When I was growing up, two of my favorite books were In Cold Blood and Dead Man Walking. Both exposed the desolation, inhumanity, and cruelty of capital punishment -- and both were hugely popular. But did either of them make the death penalty less popular? The data is not encouraging. So I was interested to read a story by G. Jeffrey MacDonald of Religion News Service that Christian leaders increasingly are working to ban capital punishment. Wrote MacDonald,
As bishops work statehouse hallways, parish priests are spreading the message that "pro-life" also means anti-death penalty. For more than two years, they've used sermons, bulletin inserts and a DVD titled "A Culture of Life and the Penalty of Death" as part of a campaign to keep the issue in churchgoers' consciousness. ...
Clergy from mainline Protestant denominations, which have opposed the death penalty for decades, have recently joined hands with pragmatists who fear the death penalty can claim innocent victims or doesn't effectively deter crime.
The National Association of Evangelicals, meanwhile, stands by its 1973 statement favoring the death penalty under certain circumstances, but "the NAE hasn't really been active on the death penalty in recent years," according to Heather Gonzalez, the NAE's association director.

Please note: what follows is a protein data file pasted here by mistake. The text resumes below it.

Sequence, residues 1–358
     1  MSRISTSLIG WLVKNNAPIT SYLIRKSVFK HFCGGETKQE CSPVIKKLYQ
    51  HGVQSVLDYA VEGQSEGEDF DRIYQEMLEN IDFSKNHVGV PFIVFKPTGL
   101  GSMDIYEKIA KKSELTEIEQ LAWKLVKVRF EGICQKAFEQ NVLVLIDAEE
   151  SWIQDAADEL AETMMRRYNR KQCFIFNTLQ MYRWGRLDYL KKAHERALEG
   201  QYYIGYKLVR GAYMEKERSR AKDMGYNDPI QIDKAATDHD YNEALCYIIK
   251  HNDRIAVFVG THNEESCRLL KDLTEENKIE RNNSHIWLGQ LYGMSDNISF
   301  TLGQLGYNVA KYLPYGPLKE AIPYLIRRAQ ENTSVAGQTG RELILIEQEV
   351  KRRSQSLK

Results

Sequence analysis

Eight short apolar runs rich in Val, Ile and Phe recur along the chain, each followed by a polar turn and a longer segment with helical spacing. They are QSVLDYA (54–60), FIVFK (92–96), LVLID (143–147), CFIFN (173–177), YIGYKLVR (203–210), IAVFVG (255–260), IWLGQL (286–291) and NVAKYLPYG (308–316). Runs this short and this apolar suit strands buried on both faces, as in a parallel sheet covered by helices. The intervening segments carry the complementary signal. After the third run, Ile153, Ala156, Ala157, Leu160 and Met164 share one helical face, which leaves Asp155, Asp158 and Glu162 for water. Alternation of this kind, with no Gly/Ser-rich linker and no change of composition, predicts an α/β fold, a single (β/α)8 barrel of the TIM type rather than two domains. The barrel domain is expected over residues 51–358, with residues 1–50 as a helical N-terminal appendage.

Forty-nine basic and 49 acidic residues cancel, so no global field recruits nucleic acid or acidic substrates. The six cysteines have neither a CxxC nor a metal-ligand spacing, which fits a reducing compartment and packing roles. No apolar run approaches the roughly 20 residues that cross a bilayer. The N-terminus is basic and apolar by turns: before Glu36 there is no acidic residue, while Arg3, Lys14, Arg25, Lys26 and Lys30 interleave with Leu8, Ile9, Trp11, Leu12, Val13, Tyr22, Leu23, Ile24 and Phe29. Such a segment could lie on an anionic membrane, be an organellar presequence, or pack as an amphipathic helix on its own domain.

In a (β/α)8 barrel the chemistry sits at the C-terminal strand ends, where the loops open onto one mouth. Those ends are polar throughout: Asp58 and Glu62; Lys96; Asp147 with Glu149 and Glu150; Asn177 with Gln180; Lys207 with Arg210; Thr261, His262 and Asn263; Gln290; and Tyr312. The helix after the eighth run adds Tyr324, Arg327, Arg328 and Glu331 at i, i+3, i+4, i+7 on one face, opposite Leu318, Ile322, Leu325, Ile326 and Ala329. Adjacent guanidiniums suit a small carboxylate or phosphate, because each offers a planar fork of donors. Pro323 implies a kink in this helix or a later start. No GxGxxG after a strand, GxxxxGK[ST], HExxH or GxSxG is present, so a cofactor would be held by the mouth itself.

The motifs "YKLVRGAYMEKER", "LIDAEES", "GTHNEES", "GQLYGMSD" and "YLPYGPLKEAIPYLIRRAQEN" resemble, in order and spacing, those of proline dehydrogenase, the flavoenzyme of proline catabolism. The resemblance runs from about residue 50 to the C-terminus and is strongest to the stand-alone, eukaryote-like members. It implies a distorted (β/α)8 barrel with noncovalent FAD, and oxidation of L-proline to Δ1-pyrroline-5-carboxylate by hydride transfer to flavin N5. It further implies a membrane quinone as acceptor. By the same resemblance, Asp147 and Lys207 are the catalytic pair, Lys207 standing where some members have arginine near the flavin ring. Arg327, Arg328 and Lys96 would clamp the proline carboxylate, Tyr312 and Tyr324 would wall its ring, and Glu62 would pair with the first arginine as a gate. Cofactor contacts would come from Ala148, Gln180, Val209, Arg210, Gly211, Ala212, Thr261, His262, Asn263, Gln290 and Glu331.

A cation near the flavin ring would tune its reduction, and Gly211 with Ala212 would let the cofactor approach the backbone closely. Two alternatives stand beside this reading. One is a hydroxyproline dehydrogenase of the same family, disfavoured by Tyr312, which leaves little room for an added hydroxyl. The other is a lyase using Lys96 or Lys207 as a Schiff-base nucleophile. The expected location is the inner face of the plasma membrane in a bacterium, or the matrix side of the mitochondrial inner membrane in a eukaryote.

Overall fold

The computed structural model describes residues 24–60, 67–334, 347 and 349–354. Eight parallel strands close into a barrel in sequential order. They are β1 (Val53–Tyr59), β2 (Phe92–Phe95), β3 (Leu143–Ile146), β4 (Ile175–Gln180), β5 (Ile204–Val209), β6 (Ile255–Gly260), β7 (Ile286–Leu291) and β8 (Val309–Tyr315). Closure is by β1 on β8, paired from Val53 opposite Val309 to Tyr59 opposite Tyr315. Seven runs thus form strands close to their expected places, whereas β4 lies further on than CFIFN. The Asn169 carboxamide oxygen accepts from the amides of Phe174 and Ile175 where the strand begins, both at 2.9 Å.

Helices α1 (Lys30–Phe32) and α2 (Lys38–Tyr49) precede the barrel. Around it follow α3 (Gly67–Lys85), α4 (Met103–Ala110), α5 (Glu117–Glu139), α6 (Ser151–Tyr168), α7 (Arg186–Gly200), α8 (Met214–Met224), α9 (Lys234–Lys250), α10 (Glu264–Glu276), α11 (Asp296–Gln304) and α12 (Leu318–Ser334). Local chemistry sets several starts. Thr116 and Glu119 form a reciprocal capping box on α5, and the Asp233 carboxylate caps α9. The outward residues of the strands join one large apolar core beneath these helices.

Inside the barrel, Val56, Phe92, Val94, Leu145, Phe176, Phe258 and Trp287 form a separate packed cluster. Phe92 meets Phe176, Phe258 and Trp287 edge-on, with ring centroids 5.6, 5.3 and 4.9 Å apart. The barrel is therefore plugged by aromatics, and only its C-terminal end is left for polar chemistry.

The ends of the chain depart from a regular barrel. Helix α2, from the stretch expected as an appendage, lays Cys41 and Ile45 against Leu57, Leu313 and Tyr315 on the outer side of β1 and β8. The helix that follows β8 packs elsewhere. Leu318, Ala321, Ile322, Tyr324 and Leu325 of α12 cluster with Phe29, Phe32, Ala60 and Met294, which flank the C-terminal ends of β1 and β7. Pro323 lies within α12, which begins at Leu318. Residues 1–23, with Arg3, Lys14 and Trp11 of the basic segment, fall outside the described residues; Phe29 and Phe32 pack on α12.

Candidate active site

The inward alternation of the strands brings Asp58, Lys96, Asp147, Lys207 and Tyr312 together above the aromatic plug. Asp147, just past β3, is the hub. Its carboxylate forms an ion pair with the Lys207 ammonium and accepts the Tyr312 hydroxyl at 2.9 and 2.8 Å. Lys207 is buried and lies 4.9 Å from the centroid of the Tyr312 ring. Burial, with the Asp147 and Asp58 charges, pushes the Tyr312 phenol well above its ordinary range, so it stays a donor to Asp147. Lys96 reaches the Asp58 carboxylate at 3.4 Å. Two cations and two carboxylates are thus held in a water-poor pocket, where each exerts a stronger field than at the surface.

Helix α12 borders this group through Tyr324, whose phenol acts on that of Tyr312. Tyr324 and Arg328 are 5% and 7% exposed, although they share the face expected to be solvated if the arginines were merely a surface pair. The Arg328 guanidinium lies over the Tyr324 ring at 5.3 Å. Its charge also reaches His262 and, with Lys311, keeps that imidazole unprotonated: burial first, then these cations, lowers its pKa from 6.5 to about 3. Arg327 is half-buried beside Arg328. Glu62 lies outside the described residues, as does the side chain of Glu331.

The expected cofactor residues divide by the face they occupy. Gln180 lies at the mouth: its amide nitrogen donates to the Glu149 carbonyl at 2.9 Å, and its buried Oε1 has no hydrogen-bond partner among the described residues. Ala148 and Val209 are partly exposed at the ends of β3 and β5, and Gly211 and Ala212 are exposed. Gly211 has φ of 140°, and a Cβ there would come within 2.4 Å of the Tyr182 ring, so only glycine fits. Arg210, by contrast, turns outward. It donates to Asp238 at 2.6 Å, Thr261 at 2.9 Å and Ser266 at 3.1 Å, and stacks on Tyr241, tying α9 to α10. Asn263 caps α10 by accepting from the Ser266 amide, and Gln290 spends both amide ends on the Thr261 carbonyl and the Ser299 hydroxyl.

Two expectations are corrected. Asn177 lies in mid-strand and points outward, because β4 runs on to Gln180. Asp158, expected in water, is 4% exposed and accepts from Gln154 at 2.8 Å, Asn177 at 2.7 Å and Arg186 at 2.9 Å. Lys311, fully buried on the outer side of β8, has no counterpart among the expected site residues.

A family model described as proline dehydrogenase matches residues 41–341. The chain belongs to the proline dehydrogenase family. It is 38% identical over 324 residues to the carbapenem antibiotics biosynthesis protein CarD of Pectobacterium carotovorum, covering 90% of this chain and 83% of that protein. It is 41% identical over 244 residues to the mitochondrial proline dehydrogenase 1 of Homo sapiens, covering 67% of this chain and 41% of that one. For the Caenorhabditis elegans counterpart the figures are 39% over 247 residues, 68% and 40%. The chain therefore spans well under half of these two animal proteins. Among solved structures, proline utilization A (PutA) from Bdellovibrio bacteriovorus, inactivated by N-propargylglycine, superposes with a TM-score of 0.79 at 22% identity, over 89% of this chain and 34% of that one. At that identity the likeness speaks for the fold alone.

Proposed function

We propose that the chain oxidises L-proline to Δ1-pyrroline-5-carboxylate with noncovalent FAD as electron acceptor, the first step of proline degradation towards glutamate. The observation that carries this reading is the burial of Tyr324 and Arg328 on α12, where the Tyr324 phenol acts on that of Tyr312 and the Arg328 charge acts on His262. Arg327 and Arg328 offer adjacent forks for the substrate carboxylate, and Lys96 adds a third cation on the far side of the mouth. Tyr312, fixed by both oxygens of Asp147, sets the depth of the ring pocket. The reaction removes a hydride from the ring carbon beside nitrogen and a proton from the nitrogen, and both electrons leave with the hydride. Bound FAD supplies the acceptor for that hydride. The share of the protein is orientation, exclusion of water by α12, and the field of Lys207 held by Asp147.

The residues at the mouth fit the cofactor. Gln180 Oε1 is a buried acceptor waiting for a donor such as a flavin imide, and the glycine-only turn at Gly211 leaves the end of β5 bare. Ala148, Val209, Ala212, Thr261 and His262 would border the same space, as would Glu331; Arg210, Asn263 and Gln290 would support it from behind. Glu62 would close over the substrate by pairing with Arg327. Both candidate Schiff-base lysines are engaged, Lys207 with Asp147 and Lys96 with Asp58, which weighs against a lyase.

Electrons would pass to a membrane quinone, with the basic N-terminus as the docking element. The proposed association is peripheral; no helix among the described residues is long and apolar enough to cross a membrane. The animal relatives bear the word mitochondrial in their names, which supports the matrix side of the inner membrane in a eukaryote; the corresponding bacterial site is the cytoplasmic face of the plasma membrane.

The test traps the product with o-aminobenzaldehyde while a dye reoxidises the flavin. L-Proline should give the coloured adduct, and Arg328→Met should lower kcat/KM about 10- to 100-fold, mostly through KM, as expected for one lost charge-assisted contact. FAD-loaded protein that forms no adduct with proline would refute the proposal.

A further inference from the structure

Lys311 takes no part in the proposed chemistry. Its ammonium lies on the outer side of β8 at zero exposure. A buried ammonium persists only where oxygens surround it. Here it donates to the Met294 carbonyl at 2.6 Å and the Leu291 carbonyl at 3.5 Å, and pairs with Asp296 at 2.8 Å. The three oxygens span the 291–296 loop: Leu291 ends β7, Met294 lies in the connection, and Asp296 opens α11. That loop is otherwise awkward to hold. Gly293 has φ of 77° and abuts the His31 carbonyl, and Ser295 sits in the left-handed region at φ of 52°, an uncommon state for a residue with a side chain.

MacDonald informs readers that their efforts come at a propitious moment:
On Monday (Jan. 7), the U.S. Supreme Court heard arguments on whether death by lethal injection violates the constitutional ban on cruel and unusual punishment. New Jersey recently became the 14th state to ban executions. And Gallup Poll data show public support for the death penalty in murder cases has slipped from a high of 80 percent to 69 percent over the past 13 years.
Well, neither passage makes the pond any less murky. MacDonald should have explained to readers the relevance of these two developments: the mobilization of Christian leaders and waning popularity for the death penalty. Are the two related?
To be sure, MacDonald suggests that they are. An author is quoted as saying that Catholics are more likely to oppose the death penalty if their pastor speaks out against the practice. But this is not illuminating. Catholic bishops have opposed the death penalty for decades.
Also, MacDonald notes that the NAE has become politically quiescent on the issue. That's interesting news. Even so, he should have specified when the NAE stopped its outspoken support for capital punishment. Perhaps the NAE's relative silence on the issue has made evangelicals more opposed to the death penalty. But in the absence of data or more information, readers can't tell.
Perhaps I am not being sufficiently clear, so let me restate my thesis. It's one thing to say that society's leaders, whether writers or clergy, are mobilizing against a social practice. It's another to say that they are having much of an effect.